Case Caption: Kamal Thomas v. People of the Virgin IslandsCase Number: S. Ct. Crim. No. 2010-0087Date: 05/02/2012Author: Hodge, Rhys S. Citation: Summary:

In a prosecution for assault, using a dangerous weapon during the commission of a crime of violence, and threatening a witness, the trial court committed reversible error by denying the defendant's motion for a new trial without first conducting a hearing to investigate possible juror misconduct. In this case the defendant alleged that one of the jurors informed the other members of jury panel that defendant and a co-defendant had killed an individual victim and gotten away with it. There was no evidence presented at trial, however, to suggest that either of the defendants was involved in that death, and thus the statements the juror allegedly communicated were extraneous information-matter considered by the jury but not admitted into evidence. Accordingly, Federal Rule of Evidence 606(b) did not prohibit the trial court from holding an evidentiary hearing to determine whether this extraneous information was improperly brought to the jury's attention, and, if so, whether it affected the verdict. The trial court also incorrectly concluded that defense counsel's affidavit was wholly insufficient to warrant an evidentiary hearing. In determining whether an evidentiary hearing is necessary, a trial court should consider numerous factors, including the content of the allegations, the seriousness of the alleged misconduct or bias, and the credibility of the source. While a signed affidavit from the juror personally would have been preferable, denying the motion for a new trial without conducting even a limited evidentiary hearing regarding jury misconduct was an abuse of discretion, given the specific allegations of jury misconduct, the fact that inquiry could have been limited as provided in Rule 606(b) to whether extraneous prejudicial information was improperly brought to the jury's attention, and the fact that the attorney's affidavit was given by an officer of the court under oath and penalty of perjury. Based on these factors, the trial court should have, at a minimum, held a limited evidentiary hearing to allow the juror to testify whether any extraneous prejudicial information was improperly brought to the jury's attention. This matter is therefore remanded to the Superior Court for an evidentiary hearing.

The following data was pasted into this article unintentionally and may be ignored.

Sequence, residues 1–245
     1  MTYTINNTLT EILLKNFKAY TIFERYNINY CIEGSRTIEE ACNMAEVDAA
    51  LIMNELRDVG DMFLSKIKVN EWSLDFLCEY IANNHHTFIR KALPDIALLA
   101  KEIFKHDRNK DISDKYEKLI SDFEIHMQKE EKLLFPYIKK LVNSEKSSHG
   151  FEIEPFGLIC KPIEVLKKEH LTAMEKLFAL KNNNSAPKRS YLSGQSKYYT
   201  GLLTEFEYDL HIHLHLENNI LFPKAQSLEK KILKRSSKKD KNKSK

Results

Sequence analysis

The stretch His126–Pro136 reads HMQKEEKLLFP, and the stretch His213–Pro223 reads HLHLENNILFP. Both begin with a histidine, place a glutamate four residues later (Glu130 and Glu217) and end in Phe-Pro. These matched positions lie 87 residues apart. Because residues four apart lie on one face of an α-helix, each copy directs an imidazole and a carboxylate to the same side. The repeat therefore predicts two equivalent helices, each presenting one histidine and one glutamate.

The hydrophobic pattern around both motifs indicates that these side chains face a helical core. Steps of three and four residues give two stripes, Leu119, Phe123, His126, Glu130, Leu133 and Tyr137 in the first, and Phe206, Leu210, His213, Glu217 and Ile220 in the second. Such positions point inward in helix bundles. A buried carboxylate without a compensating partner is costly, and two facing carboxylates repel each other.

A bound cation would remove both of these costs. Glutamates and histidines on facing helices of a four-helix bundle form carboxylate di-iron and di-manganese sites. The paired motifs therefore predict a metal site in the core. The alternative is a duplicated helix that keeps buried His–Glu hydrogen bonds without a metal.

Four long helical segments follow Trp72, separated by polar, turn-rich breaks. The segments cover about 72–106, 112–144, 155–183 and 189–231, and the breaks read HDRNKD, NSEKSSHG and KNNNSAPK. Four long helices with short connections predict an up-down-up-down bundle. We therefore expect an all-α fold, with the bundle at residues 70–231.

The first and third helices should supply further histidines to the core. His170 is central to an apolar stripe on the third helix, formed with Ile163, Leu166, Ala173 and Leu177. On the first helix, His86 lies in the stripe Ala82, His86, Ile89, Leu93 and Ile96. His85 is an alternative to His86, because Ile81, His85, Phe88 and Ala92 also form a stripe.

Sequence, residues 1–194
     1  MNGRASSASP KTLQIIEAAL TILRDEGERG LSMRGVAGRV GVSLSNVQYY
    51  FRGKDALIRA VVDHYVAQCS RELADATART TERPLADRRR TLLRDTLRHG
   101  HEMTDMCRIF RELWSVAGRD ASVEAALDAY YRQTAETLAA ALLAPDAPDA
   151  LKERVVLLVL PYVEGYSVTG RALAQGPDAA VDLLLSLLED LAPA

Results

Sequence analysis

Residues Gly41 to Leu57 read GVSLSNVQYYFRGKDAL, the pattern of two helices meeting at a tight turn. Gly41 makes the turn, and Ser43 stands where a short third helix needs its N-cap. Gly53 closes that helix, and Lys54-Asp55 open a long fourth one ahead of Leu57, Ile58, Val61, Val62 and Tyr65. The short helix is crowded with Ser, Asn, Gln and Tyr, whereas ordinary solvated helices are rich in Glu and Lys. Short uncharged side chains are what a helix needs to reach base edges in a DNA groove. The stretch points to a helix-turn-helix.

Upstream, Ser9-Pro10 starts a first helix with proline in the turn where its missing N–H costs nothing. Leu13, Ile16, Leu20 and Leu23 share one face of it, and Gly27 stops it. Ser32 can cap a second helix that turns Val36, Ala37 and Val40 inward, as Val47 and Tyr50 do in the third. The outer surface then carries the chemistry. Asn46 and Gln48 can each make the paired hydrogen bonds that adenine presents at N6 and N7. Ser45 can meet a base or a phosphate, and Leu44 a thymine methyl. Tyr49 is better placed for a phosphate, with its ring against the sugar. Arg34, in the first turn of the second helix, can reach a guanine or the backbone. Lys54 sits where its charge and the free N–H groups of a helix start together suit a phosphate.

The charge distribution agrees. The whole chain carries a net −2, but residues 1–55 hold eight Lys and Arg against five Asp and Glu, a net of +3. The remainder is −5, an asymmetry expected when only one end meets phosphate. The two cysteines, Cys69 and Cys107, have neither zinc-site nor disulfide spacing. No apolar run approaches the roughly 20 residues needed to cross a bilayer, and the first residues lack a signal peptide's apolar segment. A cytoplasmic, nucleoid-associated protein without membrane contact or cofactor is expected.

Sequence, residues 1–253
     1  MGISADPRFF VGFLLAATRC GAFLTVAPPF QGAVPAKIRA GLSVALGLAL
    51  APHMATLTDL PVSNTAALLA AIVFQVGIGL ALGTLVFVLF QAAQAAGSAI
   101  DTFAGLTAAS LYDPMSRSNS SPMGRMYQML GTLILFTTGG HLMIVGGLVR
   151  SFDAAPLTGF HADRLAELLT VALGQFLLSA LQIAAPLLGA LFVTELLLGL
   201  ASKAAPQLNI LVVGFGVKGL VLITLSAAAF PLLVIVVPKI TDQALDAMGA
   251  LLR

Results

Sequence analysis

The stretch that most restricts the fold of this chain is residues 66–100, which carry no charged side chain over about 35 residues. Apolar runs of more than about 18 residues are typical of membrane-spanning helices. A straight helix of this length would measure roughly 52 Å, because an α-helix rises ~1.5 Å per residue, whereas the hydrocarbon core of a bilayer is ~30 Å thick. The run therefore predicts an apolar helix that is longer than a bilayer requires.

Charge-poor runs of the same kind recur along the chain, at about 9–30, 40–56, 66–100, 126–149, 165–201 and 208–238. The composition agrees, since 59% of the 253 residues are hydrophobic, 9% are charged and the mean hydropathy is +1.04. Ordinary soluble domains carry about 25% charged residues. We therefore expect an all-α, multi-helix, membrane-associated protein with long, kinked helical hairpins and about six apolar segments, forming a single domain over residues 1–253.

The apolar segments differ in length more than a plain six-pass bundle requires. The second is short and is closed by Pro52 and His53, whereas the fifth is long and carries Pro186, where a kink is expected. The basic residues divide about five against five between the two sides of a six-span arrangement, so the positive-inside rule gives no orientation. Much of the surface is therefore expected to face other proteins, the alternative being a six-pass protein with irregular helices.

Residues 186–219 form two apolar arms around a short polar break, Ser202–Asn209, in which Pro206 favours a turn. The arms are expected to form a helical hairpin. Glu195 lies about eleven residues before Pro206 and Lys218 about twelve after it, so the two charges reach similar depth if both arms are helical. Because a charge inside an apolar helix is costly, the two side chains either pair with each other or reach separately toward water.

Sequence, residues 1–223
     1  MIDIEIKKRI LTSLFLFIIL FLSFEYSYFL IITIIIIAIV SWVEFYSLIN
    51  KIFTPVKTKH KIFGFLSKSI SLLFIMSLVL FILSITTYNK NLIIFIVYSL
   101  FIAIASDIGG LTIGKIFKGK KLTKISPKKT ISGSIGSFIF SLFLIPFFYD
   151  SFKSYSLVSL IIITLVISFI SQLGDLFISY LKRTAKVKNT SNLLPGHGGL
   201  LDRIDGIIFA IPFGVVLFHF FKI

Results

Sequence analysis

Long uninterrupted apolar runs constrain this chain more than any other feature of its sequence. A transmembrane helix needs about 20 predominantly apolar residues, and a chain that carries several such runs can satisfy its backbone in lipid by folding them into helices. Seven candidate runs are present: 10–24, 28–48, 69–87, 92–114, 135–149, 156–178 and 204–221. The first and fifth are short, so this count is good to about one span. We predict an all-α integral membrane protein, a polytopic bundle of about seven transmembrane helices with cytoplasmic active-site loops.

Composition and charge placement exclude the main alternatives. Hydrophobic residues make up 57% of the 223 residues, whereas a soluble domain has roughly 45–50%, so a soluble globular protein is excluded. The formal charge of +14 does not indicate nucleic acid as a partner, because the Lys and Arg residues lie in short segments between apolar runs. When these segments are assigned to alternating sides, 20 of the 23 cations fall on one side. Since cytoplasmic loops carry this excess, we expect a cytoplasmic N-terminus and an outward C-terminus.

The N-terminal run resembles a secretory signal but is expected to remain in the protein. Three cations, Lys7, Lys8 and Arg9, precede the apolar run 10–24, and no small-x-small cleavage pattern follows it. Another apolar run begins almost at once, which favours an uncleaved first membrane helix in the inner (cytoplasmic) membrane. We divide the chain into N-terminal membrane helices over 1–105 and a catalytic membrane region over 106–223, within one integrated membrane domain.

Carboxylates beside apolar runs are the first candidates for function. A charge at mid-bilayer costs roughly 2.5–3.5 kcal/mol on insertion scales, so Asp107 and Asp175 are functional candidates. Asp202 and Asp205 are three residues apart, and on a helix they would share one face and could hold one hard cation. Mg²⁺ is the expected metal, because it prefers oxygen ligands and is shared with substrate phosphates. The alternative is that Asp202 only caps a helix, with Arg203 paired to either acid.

Attachment: Open Document or Opinion